sábado, 13 de mayo de 2017

International Travel with Your Pet | Features | CDC

International Travel with Your Pet | Features | CDC

Centers for Disease Control and Prevention. CDC twenty four seven. Saving Lives, Protecting People

International Travel with Your Pet

Dog on airplane

Photo Credit: Audilis Sanchez, CDC

Taking your dog or cat on a flight abroad? Make sure you have your pet’s documents when traveling internationally and returning home to the United States. Leave yourself plenty of time before the trip to take care of your pet’s required medical care and paperwork. Remember to start the process early.

First Stop—Your Vet’s Office

If you are traveling internationally, tell your veterinarian about your plans as soon as possible. Together, you can make sure your pet meets the requirements for your destination country and is healthy enough to travel. Requirements may include:
  • Blood tests
  • Vaccinations
  • Microchips for identification
Airlines and countries often have different requirements, so make sure you know what the specific ones are.
Veterinarian with dog
Talk to your vet about your travel plans and your dog’s rabies vaccination. Photo credit: David Heaberlin, CDC
Woman walking through airport with dog
Research how to fly with your pet. Photo credit: Misty Ellis, CDC

Research How to Fly with Your Pet

Give yourself plenty of time to do your homework before your trip. A great place to start is the Pet Travel website of U.S. Department of Agriculture’s Animal and Plant Health Inspection Service (APHIS).


Different airlines have different rules about whether and how a pet can travel. Depending on the airline, your pet may be able to travel on your flight either in the cabin or in the cargo hold. Confirm this ahead of time with your airline.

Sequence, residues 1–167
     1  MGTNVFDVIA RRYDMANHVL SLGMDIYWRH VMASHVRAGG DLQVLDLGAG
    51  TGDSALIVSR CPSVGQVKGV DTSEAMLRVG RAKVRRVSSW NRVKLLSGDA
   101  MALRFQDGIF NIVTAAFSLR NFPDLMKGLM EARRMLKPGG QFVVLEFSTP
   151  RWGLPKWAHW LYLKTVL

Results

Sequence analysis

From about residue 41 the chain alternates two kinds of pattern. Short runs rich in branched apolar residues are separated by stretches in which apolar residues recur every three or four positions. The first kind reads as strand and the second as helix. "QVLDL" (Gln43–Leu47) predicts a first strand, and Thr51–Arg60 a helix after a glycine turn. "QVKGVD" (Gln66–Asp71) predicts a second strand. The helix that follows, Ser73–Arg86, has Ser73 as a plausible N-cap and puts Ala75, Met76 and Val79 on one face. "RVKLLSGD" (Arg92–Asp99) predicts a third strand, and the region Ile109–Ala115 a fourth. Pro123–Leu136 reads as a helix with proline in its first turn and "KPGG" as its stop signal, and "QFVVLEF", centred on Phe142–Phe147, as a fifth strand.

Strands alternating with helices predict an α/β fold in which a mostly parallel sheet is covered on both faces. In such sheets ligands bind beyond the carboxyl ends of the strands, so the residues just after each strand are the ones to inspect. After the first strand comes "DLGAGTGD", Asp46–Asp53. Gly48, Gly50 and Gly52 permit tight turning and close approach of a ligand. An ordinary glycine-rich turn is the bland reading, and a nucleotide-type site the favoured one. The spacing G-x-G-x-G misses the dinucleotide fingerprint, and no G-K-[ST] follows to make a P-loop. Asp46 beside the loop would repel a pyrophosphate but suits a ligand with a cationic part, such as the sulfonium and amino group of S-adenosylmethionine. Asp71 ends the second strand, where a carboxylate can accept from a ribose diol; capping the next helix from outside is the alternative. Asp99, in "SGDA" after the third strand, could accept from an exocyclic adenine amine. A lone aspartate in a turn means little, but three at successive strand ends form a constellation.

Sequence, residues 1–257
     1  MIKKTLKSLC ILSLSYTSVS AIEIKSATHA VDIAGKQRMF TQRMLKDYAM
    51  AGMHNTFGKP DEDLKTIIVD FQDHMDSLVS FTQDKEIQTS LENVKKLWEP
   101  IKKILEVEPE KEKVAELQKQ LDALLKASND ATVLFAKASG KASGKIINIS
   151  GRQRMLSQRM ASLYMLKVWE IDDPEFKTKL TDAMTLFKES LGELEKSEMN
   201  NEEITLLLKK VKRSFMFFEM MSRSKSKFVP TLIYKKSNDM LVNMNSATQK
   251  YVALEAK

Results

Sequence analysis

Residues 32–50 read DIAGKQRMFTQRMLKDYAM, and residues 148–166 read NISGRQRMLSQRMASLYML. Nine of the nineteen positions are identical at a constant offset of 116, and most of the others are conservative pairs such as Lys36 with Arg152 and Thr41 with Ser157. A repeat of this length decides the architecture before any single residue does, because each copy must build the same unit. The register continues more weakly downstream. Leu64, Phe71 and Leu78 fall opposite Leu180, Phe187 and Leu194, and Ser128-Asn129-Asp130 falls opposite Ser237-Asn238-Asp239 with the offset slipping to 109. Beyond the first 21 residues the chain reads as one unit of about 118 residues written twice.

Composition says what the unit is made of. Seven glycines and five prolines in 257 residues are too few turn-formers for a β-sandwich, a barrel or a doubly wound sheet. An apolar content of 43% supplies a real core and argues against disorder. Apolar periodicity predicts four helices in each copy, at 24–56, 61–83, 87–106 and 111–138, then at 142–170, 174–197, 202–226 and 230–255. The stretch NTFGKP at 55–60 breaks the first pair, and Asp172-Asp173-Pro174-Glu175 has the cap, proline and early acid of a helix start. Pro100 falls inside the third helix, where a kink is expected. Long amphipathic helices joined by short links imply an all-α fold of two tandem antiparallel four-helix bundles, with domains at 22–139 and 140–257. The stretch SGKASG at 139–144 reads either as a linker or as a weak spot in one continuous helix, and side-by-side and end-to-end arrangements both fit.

On airlines that permit pets to travel, only small dogs and cats that can fit in special carriers under the seat are allowed in the cabin. Their owners must care for them during any layovers. Some airlines may not allow them in the cabin, and will transport them as cargo in a heated and ventilated hold. Cats and dogs may travel and rest better this way, since it is quieter and darker, according to the International Air Transport Association.
Another way for your pet to travel is on a separate flight as an air cargo shipment. If this is your preference, or a requirement based on your dog’s size or the destination country’s rules, then get your pet used to the shipping kennel ahead of time. Make sure the door latches securely to avoid any mishaps in transit. Ask your veterinarian for advice about when to give food and water. If a pet is traveling as an air cargo shipment, you must make arrangements for pickup at the final destination.
Some U.S. carriers don’t allow pets to be shipped between May and September, the hottest months for animals to travel in the Northern Hemisphere. No matter what time of year, safety is always a concern when pets travel by airplane. If absolutely necessary for a dog or cat to travel in cargo, it must be in a sturdy container with enough room to stand and sit, to turn around normally while standing, and to lie down in a natural position. For more information, visit the U.S. Department of Agriculture pet travel website.
When waiting for a connecting flight, you may have to care for a pet traveling with you in the cabin, while the airline staff or ground handlers care for a pet traveling in cargo. Check with your airline(s) beforehand to see what is required.
Woman checking arrivals and departures screen